During operation, air is pressurized in the compressor and mixed with fuel in the combustor for generating hot combustion gases which flow through the high and low pressure turbines that extract energy therefrom. The high pressure turbine powers the compressor through a shaft therebetween, and the low pressure turbine powers the fan through another shaft therebetween.

The exemplary turbofan engine 10 is in the form of a high bypass ratio engine mounted within a nacelle assembly 24 in which most of the air pressurized by the fan bypasses the core engine itself for generating propulsion thrust. The fan air F is preferably discharged from the engine 10 through a fan area nozzle 28 defined radially between a core nacelle 30 and a fan nacelle 32. The core exhaust gases C are discharged from the core engine through a core exhaust nozzle 34 defined between the core nacelle 30 and a center plug 35 disposed coaxially therein around an engine longitudinal centerline axis A of the engine 10 and nacelle assembly 24.

A pylon 36 is preferably located between the core nacelle 30 and the fan nacelle 32 (also illustrated in FIG. 1C). The pylon 36 is preferably a lower bifurcation, however, other types of pylons at various radial locations may likewise be usable with the present invention.

Referring to FIG. 2, a thermal management system 38 preferably communicates with a heat exchanger system 40 located at least partially within the nacelle assembly 24. The heat exchanger system 40 includes an engine heat exchanger 44 in communication with an engine cooling circuit and a generator heat exchanger 46 in communication with a generator cooling circuit. The engine heat exchanger 44 most preferably includes a peaking heat exchanger used only rarely in the most severe and rare high temperature conditions 44P. The generator heat exchanger 46 also most preferably includes a “peaking” heat exchanger 44G or “peaker.” The peaking heat exchangers 44P, 46P are preferably mounted within the core nacelle 30 and are each may be independently movable between a retracted position and an extended position relative to the core nacelle 30 (FIG. 1B). It should be understood that the thermal management system 38 may be utilized with or without the peaking heat exchangers 44P, 46P which operate to supplement their associated heat exchangers 44, 46.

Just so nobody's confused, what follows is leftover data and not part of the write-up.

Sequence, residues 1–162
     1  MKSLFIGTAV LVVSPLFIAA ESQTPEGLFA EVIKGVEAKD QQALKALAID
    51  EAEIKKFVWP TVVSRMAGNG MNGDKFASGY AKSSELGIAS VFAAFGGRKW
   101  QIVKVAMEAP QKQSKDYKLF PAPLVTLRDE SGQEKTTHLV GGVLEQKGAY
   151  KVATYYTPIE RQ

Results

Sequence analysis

The pylon-located engine heat exchanger 44 and the generator heat exchanger 46 are preferably sized for “typical” cooling loads while the peaker heat exchangers 44P, 46P are used for “corner point” conditions which allows for the smallest size and most effective operation of the engine heat exchanger 44 and generator heat exchanger 46 which enables the pylon to be reasonable in size and thereby provide the most fuel efficient operation of the engine in general. The thermal management system 38 is beneficial to the engines and aircraft which have relatively high heat rejection challenges while exploiting the relatively wide variation in heat loads and fuel heat sink capacity.

The thermal management system 38 preferably communicates “typical day” heat from the engine system and the generator system to the respective engine heat exchanger 44 and generator heat exchanger 46. The thermal management system 38 handles ground idle heat from the generator system with the peaking heat exchangers 44P, 46P. The peaking heat exchangers 44P, 46P are the third layer of the thermal management system 38 and are utilized relatively rarely except for corner point conditions—at ground idle it is typically fully deployed, but may also be partially deployed at other conditions to achieve efficiency and maintain the slenderness of heat exchanger pylon. The peaking heat exchangers 44P, 46P are preferably made to be exceedingly efficient at ground idle by making their front face of the peaking heat exchanger 44P, 46P will be exposed directly to fan total pressure—without inlet losses or exhaust duct losses. The peaking heat exchangers 44P, 46P may typically be closed from 90% to 99% of a flight depending on the packaging challenge associated with the pylon 36. That is, the peaking heat exchangers 44P, 46P deployment frequencies might be traded-off versus the size of the pylon 36 that contains the engine heat exchanger 44 and the generator heat exchanger 46.

Referring to FIG. 3, the heat rejected from the engine heat exchanger 44 and the generator heat exchanger 46 are utilized to produce thrust. The heated air downstream of the engine heat exchanger 44 and the generator heat exchanger 46 expands and exits a respective engine heat exchanger exit 48 and a generator heat exchanger exit 50 such that thrust is generated therefrom. Preferably, a variable nozzle 52, 54 is provided downstream of each of the engine heat exchanger exit 48 and the generator heat exchanger exit 50 as each has different and independent thermal and heat rejection characteristics.